Raymond Albert Kroc, not a household name, but an important one, nonetheless. Everyone, however, knows the name McDonalds and what it stands for. Kroc’s youth was spent refining his salesmanship skills, first allowing him to be an ambulance driver for the Red Cross (though underage), then selling a variety of goods, including paper cups. This is where he met Earl Prince. Prince had invented the five-spindle multi-mixer. Impressed with this machine, Kroc convinced Prince to give him exclusive marketing rights, thus allowing him to successfully sell it all over the country for the next 15 years.
During his travels, he approached one of his biggest customers of the multi-mixer, the McDonald brothers, who owned a restaurant in California. After meeting with the brothers several times and discussing the possible expansion of their business, he finally determined that they were not interested in making any changes. His persistence paid off, however, when he was finally able to convince the brothers to make him their exclusive marketing agent. In 1954, at the age of 52, Ray Kroc opened his first McDonald’s drive-in in Des Plaines, Illinois. This was the beginning of the McDonald’s Corporation.
Suffering from diabetes, arthritis and having his gall bladder and thyroid gland removed, Kroc only increased his desire to succeed. In one of the greatest acts of salesmanship of all time, he purchased the McDonald’s Corporation from the brothers for a mere $2.7 million dollars, in 1961. He immediately started recruiting franchisees and saturated the American market. Then, turning his attention to overseas, he opened restaurants in more than 65 countries, tailoring each one to its cultural needs.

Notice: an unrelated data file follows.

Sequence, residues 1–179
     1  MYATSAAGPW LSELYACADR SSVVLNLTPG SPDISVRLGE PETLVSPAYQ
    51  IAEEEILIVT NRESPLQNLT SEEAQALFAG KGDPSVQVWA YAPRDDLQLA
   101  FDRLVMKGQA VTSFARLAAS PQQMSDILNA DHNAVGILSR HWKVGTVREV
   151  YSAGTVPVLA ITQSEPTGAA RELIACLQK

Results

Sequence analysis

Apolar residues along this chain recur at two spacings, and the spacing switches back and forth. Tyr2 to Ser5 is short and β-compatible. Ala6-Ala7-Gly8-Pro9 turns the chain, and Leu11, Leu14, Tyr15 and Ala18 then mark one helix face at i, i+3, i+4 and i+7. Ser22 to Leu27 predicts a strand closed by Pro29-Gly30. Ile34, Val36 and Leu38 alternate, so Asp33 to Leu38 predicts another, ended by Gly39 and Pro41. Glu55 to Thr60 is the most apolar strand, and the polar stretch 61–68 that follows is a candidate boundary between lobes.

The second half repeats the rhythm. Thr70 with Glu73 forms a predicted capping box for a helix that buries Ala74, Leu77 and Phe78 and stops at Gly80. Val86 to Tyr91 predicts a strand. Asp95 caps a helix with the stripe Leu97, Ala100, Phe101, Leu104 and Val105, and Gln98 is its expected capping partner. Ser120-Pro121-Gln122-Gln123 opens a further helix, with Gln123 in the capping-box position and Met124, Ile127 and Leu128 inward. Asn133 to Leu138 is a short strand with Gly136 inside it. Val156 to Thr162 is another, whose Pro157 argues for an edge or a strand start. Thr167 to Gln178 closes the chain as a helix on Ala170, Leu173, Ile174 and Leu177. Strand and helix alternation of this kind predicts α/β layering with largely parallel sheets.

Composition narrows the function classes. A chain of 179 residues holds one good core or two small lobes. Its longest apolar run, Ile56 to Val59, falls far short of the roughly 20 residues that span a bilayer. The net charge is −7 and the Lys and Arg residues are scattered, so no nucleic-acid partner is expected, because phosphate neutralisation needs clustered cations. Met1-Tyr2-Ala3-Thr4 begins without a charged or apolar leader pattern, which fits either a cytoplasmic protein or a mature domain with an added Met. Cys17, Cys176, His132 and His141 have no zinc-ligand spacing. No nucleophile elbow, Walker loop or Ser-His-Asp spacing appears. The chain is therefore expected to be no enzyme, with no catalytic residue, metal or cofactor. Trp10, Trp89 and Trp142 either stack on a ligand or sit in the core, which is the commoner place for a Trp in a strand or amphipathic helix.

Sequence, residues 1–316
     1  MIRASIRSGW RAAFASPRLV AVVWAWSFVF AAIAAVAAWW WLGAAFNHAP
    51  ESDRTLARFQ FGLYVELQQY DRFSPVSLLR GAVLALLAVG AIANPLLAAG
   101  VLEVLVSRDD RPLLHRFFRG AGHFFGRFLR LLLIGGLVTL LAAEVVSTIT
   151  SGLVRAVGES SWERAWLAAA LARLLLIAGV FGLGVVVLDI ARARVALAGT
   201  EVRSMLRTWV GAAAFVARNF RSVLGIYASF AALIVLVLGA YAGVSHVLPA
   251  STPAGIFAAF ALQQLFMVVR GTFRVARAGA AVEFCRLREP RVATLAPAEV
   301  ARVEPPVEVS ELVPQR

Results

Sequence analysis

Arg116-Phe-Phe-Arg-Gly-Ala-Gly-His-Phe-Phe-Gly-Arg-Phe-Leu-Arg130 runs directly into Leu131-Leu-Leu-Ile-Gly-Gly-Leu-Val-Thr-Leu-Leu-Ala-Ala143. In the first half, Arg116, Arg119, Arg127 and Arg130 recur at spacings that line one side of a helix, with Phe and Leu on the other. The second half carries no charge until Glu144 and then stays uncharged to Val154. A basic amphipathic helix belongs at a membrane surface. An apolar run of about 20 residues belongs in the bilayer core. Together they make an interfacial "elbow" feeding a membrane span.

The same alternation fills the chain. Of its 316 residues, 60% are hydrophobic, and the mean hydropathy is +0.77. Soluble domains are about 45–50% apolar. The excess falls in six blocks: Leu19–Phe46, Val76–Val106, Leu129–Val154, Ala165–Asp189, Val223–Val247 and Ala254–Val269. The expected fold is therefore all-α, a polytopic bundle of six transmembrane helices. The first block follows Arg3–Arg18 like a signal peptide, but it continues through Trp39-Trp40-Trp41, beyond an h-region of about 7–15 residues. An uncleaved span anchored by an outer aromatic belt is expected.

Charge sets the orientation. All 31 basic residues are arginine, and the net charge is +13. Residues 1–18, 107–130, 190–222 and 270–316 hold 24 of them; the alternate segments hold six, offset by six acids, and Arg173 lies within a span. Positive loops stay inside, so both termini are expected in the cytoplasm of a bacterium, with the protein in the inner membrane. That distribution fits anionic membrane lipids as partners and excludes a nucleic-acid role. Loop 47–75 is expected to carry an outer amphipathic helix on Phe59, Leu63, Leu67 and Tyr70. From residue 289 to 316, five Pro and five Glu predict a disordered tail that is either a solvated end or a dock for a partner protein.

Turning the operation of McDonald’s corporation over to Fred Turner in 1968, Kroc devoted his attention to monitoring the businesses of the new franchisees. During his travels, Kroc would insist that his chauffer drive him to at least 6 franchises so he could pop in and do surprise check-ups. Ray Kroc would remain active in the business until he passed away at age 82, just ten months before the McDonald’s Corporation would sell its fifty billionth hamburger.
By 1987, McDonalds had sold 65 billion hamburgers and had opened its ten thousandth store. Corporations to this day follow his inventive strategies and remember the saying, “The organization cannot trust the individual; the individual must trust the organization.”
By: Maggie L. Jones
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